I think that every one of us has experienced that sinking feeling when we realise that we’ve landed in or spilled something that will undoubtedly leave a stain. Whether that’s red wine on a tablecloth, grass streaks on knees, or a smear of mustard, ketchup, chili, and sauerkraut on your shirt from the filth-dog you bought for lunch, there’s a deep resignation at the fact that that stain’s never going to come out.
There are a few tricks to getting out stubborn stains, but remember that the earlier you catch it, the easier it is to get out. If you forget about the stain for a few weeks, or put the clothing item through the wash without specifically treating the spot, it’ll be a lot harder to get rid of. One thing to remember: whenever you try to get a stain out, always blot it (press at it) gently—never, ever rub at it to get it out. If you do, you’ll just grind the stain deep into the cloth fibres and it’ll be there forever.
Did you manage to turn your knees green while working in the garden? Or did your kid decide to slide down a hill on their face? Either way, you’ll have to get those green streaks out of your clothes as soon as possible. Grass one of the more difficult stains to contend with, but it’s not impossible to get it out.
Never use ammonia to remove a grass stain, as it’ll just set the stain instead and make it permanent. Rubbing alcohol is a far better choice, as it’ll help to dissolve the chlorophyll’s lovely green pigment. If you’re using rubbing alcohol (aka isopropyl), daub it into the stain full-strength, let it air-dry, rinse it with alcohol, and repeat. Then work some liquid dish detergent into the stain and launder the piece as you usually do. Repeate the process as needed until the stain’s out.
You can also use regular white vinegar in lieu of rubbing alcohol, but it may not work as effectively.
Red Wine Stains
As soon as you spill wine, flush it with water or club soda, blot out as much as possible and then douse a bunch of salt on the stain: the salt crystals will soak up the wine, thus removing the worst of the staining properties. Launder the item as usual as soon as possible.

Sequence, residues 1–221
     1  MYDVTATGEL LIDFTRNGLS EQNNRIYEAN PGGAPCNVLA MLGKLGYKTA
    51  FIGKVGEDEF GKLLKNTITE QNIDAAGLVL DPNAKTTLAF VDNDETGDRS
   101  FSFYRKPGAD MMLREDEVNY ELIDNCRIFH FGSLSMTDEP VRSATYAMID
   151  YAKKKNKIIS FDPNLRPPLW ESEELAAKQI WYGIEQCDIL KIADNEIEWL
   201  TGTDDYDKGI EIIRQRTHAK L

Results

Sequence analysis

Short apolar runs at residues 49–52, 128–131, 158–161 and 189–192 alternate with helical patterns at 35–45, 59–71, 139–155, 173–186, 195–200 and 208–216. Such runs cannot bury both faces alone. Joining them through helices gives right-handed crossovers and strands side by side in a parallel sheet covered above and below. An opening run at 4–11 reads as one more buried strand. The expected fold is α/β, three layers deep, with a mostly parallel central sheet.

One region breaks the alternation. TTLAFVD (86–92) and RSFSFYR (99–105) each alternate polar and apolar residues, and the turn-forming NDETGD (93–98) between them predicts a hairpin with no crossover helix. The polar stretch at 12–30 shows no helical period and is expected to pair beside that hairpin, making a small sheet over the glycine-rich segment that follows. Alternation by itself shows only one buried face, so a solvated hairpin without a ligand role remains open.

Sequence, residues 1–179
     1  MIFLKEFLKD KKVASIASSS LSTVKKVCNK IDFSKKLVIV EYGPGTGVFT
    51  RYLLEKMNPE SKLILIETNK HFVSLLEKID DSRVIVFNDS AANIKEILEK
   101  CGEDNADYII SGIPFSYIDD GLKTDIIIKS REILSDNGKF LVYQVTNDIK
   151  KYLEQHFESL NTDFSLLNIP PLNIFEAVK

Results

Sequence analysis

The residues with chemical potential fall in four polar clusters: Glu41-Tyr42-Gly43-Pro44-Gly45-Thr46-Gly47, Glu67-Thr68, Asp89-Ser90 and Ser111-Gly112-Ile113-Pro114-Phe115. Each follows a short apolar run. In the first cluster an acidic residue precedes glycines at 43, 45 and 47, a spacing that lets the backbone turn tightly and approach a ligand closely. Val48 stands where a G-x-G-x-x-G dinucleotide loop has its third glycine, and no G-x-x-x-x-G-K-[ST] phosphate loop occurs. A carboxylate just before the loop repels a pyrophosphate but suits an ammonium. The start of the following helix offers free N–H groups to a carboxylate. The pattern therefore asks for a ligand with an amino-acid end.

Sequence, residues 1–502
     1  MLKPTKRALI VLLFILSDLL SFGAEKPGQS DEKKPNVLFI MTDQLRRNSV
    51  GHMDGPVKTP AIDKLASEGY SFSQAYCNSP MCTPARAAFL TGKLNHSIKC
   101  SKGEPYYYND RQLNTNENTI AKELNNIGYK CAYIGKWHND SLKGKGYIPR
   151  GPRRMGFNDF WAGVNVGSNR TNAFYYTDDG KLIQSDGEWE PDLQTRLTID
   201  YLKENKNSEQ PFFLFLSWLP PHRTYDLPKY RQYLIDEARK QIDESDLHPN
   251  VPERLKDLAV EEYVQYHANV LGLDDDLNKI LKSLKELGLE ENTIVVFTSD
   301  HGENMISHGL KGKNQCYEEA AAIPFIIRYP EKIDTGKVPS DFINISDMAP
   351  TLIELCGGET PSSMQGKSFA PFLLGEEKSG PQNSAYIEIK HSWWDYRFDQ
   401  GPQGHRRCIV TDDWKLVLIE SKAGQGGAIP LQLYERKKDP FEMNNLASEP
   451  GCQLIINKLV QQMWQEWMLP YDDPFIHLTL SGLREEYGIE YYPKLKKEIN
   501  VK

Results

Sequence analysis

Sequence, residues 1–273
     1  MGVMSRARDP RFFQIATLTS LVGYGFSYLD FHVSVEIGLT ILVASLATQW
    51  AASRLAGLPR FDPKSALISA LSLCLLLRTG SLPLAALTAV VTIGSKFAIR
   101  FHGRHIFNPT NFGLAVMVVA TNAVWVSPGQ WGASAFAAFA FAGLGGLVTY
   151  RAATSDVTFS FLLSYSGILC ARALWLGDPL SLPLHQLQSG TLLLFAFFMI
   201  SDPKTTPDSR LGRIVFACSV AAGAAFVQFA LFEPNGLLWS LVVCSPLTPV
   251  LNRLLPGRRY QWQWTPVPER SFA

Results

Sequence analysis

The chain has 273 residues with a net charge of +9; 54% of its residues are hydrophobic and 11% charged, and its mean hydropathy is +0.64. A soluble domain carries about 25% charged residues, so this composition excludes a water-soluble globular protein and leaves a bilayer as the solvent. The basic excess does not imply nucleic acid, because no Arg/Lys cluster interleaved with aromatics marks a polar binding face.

If you’re dealing with an older wine stain—like, on a shirt or dress that you tossed into a corner and forgot about—stretch the fabric over a bowl and pour boiling water through the stain. It should loosen things up enough to remove the stain particles, and then launder it as usual.
Whether you’re dealing with the aftermath of a nosebleed, or an unexpected early period, blood is always difficult to get out of clothing.
For fresh blood stains, blot the item with a cold, wet washcloth, rinse it thoroughly with cold water, and then let it soak in a very cold saltwater bath for several hours. If that doesn’t get the stain out, you can treat it with a 3% hydrogen peroxide solution, then rinse with cold water again, and put it through a laundry cycle as usual.
For old, dry blood stains, use the peroxide technique first—you can even repeat it a couple of times if necessary. Milk also seems to do a lot of good on older blood stains; just be sure to immerse the entire stain in milk and let that steep for a couple of hours before throwing it in the laundry.
*Note: when dealing with blood stains, do not throw the item into the dryer until the stain is out, or it’ll set permanently.
Engine grease, cooking oil… regardless of what kind of oil you’re dealing with, this is one of the most difficult stains to get rid of. Grease tends to burrow its way into fabric fibres, and it’s difficult to coax it out of there once it’s comfortable. If you can catch the stain when it’s fresh, you have a greater chance of removing it, so act quickly if/when this happens.